Here are the most common negative effects from taking too much caffeine:
- Digestive Issues
- Muscle Breakdown
- High Blood Pressure
- Rapid Heart Rate
- Frequent Urination and Urgency
It should be noted that these effects are only when you’re taking a very large dosage of caffeine. This is usually in the area of 300+ mg of the stimulant.
Below, in this article, we’ll take you through some of the negative effects that caffeine can have on your body when taken in large quantities.
Negative Effects of Caffeine on the Brain
The main negative effects that too much caffeine can have on your brain is anxiety, addiction and high blood pressure.
Caffeine can trigger anxiety in high doses via how it affects the chemicals in your brain. When you consume caffeine, it blocks the effects of adenosine, this is a chemical in your brain that makes you feel tired – this is why it is known for keeping people up and alert.
However, what it also raises are your body’s levels of adrenaline. This is good for increasing your alertness and energy, but with too much in your system it can lead to anxiety.
Anxiety as a negative effect from caffeine has been noticed when users take 1000 mg or more a day of caffeine – which is an enormous amount. It can also cause rapid breathing and stress levels at this amount.
Caffeine-induced anxiety disorder has been listed in the Diagnostic and Statistical manual of Mental Disorders (also known as the DSM) by the American Psychiatric Association.
In short, caffeine can cause anxiety to trigger in your brain if you have too much. Dosages of 1000 mg or more are known to make this happen.
Although caffeine has numerous benefits such as improving energy, focus, power output and more – in high doses it can be habit forming, and this can take a toll on your brain.
Studies show that caffeine works the same “addiction” brain chemicals that cocaine and amphetamines. Although nowhere near to the same extent.
The trade off is that users may become physically or psychologically dependent on this stimulant when they are supplementing them in high doses.
In one study involving 213 caffeine users, participants were starved of caffeine for a 16 hour period. Participants who used caffeine on a daily basis were seen to have headaches, fatigue and numerous other side effects associated with withdrawal compared to those who used caffeine infrequently.
Fortunately the withdrawal effects of caffeine are nowhere near as severe as some of the other options out there that users get addicted to.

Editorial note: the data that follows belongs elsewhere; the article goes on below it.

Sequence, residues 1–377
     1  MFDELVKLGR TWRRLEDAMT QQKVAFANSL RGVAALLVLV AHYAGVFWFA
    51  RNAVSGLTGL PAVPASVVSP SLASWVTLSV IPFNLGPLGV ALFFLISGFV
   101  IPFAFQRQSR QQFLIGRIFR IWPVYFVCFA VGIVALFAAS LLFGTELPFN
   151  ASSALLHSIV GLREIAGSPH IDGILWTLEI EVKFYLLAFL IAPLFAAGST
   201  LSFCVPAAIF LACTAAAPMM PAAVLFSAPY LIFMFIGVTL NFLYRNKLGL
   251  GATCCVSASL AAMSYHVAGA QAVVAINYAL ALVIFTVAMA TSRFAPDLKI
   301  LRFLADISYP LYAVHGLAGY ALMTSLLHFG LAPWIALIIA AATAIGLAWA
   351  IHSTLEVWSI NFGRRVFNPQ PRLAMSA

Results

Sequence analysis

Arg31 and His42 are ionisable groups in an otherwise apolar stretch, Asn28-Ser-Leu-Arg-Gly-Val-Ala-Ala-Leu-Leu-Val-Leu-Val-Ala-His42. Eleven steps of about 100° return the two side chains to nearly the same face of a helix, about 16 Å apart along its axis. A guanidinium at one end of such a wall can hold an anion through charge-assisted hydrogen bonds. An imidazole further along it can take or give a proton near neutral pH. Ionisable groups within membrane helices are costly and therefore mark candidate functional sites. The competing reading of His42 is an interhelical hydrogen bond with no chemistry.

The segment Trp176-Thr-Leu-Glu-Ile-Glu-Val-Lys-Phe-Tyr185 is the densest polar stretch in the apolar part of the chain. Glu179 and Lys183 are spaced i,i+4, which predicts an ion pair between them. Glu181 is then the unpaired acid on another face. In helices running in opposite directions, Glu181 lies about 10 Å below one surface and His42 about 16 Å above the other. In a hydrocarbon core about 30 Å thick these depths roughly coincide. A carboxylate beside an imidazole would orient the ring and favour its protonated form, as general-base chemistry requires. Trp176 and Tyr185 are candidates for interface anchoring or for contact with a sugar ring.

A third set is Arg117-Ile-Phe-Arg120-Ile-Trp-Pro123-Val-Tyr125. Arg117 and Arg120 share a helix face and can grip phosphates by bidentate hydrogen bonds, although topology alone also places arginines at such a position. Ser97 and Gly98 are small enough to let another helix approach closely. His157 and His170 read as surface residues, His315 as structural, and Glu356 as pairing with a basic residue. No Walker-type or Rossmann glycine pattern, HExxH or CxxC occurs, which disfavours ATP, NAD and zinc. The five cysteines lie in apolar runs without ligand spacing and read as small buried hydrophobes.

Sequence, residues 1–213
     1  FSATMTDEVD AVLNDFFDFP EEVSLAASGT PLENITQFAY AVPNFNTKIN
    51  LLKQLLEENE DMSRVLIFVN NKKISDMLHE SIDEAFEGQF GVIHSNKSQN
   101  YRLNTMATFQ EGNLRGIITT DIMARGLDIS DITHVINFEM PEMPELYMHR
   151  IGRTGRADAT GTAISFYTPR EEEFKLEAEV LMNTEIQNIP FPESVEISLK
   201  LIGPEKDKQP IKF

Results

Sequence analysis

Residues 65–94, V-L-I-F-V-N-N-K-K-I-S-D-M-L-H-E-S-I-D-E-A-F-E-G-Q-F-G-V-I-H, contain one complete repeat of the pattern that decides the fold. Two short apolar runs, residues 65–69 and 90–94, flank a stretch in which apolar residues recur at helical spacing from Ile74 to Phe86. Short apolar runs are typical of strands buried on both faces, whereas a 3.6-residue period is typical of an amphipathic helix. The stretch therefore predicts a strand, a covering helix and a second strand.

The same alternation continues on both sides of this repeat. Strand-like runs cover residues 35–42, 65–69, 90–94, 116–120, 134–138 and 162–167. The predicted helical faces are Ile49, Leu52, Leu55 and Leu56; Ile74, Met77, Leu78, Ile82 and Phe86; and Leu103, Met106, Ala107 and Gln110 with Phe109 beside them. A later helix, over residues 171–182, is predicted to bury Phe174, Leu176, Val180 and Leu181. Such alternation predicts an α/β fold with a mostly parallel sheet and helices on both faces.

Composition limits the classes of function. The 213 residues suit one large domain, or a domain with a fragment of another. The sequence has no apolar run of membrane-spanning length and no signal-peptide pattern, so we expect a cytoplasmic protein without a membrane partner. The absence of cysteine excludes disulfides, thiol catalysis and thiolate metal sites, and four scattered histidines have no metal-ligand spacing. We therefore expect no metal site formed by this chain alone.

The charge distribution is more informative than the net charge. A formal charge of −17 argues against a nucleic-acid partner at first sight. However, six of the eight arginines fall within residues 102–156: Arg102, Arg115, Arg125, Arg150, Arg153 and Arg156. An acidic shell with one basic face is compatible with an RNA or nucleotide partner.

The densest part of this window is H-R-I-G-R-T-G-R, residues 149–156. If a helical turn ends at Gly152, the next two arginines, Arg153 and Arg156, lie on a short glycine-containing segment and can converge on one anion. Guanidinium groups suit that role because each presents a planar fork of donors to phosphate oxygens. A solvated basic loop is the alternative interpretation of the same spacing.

Blood Restriction to Your Brain
This is more an indirect negative effect on your brain from the over effects of caffeine, but long term high use of this stimulant is linked to causing high blood pressure.
It raises your body’s blood pressure to due it’s stimulating effect on your nervous system. Fortunately the effects are only temporary, but if you are a big caffeine user (we’re talking 500 mg plus levels a day) you may be putting yourself at risk.
Having a raised blood pressure level damages your arteries overtime and may increase your chance of reducing blood flow, which may restrict blood flow to your heart and brain.
Is Caffeine Bad for Your Heart?
Caffeine can be bad for your heart when taken in large doses. It can have negative effects on your blood pressure – but it can also dramatically increase your heart rate.
However, these effects differ from person to person. Some people don’t develop an accelerated heart rate, some develop an altered heartbeat rhythm.
There’s numerous outcomes on your heart when taking huge doses of caffeine in one session. If you’re experiencing the negative effects of caffeine, you should consider reducing your intake.
- Vyvamind VS Noocube: What is the better nootropic?
- Is it safe to take Bacopa Monnieri for a long time?
- Vyvamind Review: Is it the best natural focus aid?
- Nooceptin Review: Best Nootropic for Brain Health?
- What is a Nootropic Bar? | Nootropic Snacks & Brain Products
- Modafinil V Adderall
- Valerian (Valeriana officinalis)
- Lion’s Mane (Hericium erinaceus)
- Rhodiola rosea
- Turmeric (Curcuma longa)
- Holy Basil (Ocimum tenuiflorum)
- Ashwagandha (Withania somnifera)
- Rosemary (Salvia rosmarinus)
- Lemon Balm
- Ginkgo Biloba
- Centella Asiatica
- Nootropic Herbs List
- Does Adderall Make You Dehydrated?
- Why do Stimulants Make Me Sleep?
- Does Adderall make you sweat?
- Drugs that increase BDNF | Brain-Derived Neurotrophic Factor
- How long after taking Adderall can I drink Alcohol?
- Can nootropics cause brain damage?
- Does Adderall Make You Poop?
- OptiMind VS Adderall
- Does Adderall make you smarter?
- What are the Negative Effects of Caffeine?
- Should I take Ashwagandha in the Morning or Night?
- What foods contain Citicoline?
- Performance Lab Energy Review: #1 Mitochondria Supplement?
- Performance Lab Stim Review | Caffeine Supplement FAQ
- Mind Lab Pro Review – The Best for Your Brain?
- Performance Lab Mind Review: The Ultimate Stackable Nootropic
Hi, I’m Pablo Garduno. I am a biohacking enthusiast, and Head Writer of SanDiegoHealth.org. I write the majority of the content on this site, and appreciate you taking the time to read my work.